On Wednesday Trump said the virus is “overrated,” “very minuscule,” and “dying out.” He also claimed that people wear masks simply to “signal disapproval of him.” Pence claimed in an op-ed in the Wall Street Journal that there is no real cause for alarm: “We are winning the fight against the invisible enemy," thanks to “the leadership of President Trump.”
No, we aren’t. The virus isn’t on the retreat. It’s on the offensive. And Trump is waving a white flag of surrender.
Over one hundred thousand Americans have died as a result of the coronavirus pandemic. Now the numbers of infected are soaring again. On Wednesday, American health officials reported 27,000 new cases. On Thursday the Florida Health Department reported a record 3,207 cases. The Children’s Hospital of Philadelphia reports, “In fact, Florida has all the makings of the next large epicenter…the risk there is the worst it has ever been in our projections. Miami and Florida’s southeastern counties now join the Tampa/Fort Myers area and Orlando for a fairly widespread transmission event that we forecast will continue throughout the state.” More than 4 million people in Florida are over 65. In Ohio, Gov. Mike DeWine says that there are “worrisome” trends. The state has over 43,000 confirmed cases. Cases are also surging in Texas and Arizona. Is this, as Pence puts it, really “cause for celebration”?
Trump’s insouciance toward the virus is attracting attention abroad. The numbers are going down in Europe and elsewhere. In fact, the Washington Post reports that while the Trump administration has disdained the publicly available research of American scientists, “U.S. researchers’ conclusions informed the actions of foreign governments.” Germany has an older population on average than America but managed to contain confirmed coronavirus deaths to fewer than 9,000.
Indeed, Trump appears intent on fomenting the spread of the virus not only by refusing to don a mask, but also by holding a rally at the BOK Center in Tulsa, Oklahoma that is likely to serve as a superspreader event. Some of his superfans have driven almost 1000 miles to attend his rally and he’s packing in 19,000 of his followers like sardines to bathe in their adulation. He’ll be sufficiently distant to avoid contracting the virus, but they won’t. Small wonder that the event organizers are begging the Trump campaign for specifics about how it plans to mitigate risk. How indeed? Fox News reports, “GOP Chairwoman Ronna McDaniel told Fox News she believed masks would be optional and there has been no apparent social distancing plan or similar system for the indoor event.”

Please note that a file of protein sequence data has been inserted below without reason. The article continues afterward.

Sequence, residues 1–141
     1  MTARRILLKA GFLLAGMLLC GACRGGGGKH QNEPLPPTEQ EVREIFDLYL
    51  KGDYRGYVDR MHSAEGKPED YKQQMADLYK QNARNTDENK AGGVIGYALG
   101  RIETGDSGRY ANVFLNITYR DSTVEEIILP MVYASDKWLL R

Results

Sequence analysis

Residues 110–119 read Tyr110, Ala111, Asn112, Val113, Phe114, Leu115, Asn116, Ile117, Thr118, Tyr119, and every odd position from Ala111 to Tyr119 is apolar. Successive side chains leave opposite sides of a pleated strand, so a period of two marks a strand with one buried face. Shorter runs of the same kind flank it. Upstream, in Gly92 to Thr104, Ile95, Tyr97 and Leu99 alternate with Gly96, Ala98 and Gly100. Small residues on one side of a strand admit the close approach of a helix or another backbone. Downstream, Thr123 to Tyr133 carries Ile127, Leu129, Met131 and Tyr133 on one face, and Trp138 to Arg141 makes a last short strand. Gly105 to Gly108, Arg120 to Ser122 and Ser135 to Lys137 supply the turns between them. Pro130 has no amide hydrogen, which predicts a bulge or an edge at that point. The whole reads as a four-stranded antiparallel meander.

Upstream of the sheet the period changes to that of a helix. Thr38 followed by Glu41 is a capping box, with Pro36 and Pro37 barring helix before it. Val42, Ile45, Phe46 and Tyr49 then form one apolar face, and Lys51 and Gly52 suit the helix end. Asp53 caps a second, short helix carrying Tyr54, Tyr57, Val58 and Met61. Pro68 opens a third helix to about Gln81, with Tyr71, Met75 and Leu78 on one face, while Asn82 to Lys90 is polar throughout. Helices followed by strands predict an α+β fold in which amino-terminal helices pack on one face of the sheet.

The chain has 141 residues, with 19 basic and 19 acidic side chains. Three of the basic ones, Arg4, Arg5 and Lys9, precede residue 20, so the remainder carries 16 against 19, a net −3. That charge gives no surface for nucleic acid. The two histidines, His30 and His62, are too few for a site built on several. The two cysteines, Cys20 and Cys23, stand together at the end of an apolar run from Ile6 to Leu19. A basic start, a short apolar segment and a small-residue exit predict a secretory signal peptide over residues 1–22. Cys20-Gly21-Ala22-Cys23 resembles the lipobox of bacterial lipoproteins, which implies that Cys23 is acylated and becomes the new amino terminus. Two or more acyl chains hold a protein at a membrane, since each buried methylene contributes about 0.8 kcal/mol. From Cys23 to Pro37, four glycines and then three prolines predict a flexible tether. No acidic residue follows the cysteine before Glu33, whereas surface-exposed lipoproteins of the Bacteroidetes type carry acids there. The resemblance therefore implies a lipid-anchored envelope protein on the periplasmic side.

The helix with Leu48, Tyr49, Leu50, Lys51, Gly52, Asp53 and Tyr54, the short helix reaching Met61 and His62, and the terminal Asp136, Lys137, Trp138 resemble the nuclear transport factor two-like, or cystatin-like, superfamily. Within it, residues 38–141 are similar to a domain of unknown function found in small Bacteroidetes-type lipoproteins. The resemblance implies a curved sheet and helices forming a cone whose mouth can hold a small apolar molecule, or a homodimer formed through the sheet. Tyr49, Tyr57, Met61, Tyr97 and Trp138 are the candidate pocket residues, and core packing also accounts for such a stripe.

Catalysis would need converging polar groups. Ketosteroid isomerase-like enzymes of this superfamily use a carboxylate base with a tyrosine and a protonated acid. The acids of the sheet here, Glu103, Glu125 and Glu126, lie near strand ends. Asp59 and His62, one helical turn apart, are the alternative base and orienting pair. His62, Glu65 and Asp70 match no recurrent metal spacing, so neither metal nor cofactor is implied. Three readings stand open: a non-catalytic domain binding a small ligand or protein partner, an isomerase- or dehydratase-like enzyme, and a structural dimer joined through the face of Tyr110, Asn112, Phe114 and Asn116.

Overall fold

Trump’s approach to the coronavirus reflects incompetence mingled with indifference. It doesn’t represent flawed leadership but a lack of any at all. His coronavirus task force has essentially been rendered inert. It doesn’t meet very often and hasn’t given any press briefings in weeks. Dr. Anthony Fauci says he hasn’t even talked to Trump in weeks.
Put bluntly, Trump’s cheerleading about victory over the virus suggests that he is in effect prepared to condemn tens of thousands of Americans, particularly anyone in their sixties and over, to death. He seems to believe that he can bluster his way out of the coronavirus crisis, that the same magical thinking he has employed in the past will lead to the rosiest of rosy scenarios—a triumphantly resurgent economy that propels him to victory in November.
But he has it backwards. Polls indicate that most Americans are not on board with jeopardizing their own health or that of others in order to reopen the country. What Trump is proposing is as immoral as it is feckless. In refusing to combat the virus, Trump is prolonging the crisis with dire implications not only for public health, but also the economy. For him, the show must always go on. But reopening America prematurely for business could end up permanently shutting down his prospects for a second term.
Jacob Heilbrunn is editor of The National Interest.